Thoughts about Giving
by Kimberly Goodrich, Senior Director of Development
Let Us Help You Help Others
In previous articles in The Motivator and posts on our blog, MS Conversations, I have talked about the current controversy over whether charity ratings are really helpful in giving a true picture of an organization’s effectiveness in meeting their mission. Does a number or a star really help you know if a nonprofit is having an impact?
Earlier this summer, I attended a luncheon on this topic with Steve Nardizzi, CEO of Wounded Warrior Project (WWP). Nardizzi gave several examples where ratings from charity watchdogs were not helpful in determining if an organization is meeting its mission. In some cases, the ratings were even misleading. One example was the Central Asia Institute, formerly run by Greg Mortenson, co-author of Three Cups of Tea. During the time that Mortenson was ordered to pay back more than one million dollars in misused funds, his organization had a four-star rating. How does this help us decide where our dollars should go?
Eight years ago WWP had higher charity ratings than it does today. But at that time they had only 10 million dollars to spend on their programs for wounded veterans. To spend more, they needed to raise more, but feared that if they spent more money on fundraising it would affect their ratio of fundraising and administrative costs as compared to program expenses. This created a vicious cycle many nonprofits find themselves in – they want to do more to serve their mission, but are unable to invest in things that help businesses grow – such as staff training, recruitment, and new fundraising ideas that may take time to build.
Today WWP continues to grow despite mediocre ratings and higher percentages spent on overhead. Why? Because its supporters see the incredible impact they are having on the lives of wounded veterans. By making a conscious effort to invest in fundraising, marketing, and staff, WWP now has lower ratings with the charity watchdogs, but they now have 176 million dollars to spend on their programs for wounded veterans. By ignoring the ratings and focusing their resources on their mission, more veterans are helped. And really, isn’t that what it’s all about?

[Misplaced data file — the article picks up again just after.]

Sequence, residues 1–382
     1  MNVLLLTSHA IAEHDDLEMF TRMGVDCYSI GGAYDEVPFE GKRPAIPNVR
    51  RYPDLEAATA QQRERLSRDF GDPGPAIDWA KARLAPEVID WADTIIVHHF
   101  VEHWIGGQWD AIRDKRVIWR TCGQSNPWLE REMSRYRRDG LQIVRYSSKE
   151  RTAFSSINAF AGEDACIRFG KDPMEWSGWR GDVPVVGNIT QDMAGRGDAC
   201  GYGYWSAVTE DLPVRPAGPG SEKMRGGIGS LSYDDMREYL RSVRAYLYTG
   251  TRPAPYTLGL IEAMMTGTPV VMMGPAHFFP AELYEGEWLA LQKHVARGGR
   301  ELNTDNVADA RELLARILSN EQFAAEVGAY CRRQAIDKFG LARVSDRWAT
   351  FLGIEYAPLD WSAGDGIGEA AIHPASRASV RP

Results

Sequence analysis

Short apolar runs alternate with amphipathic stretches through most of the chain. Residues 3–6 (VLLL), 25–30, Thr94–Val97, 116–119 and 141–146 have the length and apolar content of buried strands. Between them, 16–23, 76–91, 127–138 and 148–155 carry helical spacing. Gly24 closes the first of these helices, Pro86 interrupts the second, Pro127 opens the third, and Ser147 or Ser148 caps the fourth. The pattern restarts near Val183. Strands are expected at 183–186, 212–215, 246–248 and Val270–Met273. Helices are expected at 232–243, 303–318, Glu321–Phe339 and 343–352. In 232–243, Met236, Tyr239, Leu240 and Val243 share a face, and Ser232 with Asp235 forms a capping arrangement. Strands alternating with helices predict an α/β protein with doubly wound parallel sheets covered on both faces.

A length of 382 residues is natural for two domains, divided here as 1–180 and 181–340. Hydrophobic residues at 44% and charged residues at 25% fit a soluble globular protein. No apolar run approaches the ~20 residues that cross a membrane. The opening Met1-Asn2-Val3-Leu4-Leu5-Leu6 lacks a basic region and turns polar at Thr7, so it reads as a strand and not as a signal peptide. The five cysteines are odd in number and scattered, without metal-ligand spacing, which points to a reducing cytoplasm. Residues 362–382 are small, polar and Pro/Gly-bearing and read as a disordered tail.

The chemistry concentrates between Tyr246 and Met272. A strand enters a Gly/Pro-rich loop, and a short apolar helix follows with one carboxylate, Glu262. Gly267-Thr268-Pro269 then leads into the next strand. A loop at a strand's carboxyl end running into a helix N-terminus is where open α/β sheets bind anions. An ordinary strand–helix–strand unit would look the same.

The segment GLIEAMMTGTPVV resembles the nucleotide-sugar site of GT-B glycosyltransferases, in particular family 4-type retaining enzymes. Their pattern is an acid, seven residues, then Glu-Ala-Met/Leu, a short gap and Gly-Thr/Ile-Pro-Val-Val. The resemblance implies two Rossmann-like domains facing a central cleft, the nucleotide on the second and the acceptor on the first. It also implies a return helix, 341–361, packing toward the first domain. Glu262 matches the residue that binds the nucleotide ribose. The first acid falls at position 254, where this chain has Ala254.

At MSAA our mission is to improve the lives of those living with MS. Like WWP, the amount we spent on fundraising last year went up. Some think this is bad. However, MSAA’s increase in fundraising helped our overall ratings to go up with some of the charity rating agencies.
This increase in fundraising led to a significant increase in revenue (16.5-percent growth last year). This increase in revenue in turn allowed us to help more people living with MS. We provided diagnostic MRI assistance to 70 percent more people than the year before. Our mobile phone app was downloaded by an additional 7,000 people who now use it to track their symptoms and improve their daily lives. These are increases we are proud of and that make the decision to invest in additional fundraising streams worthwhile.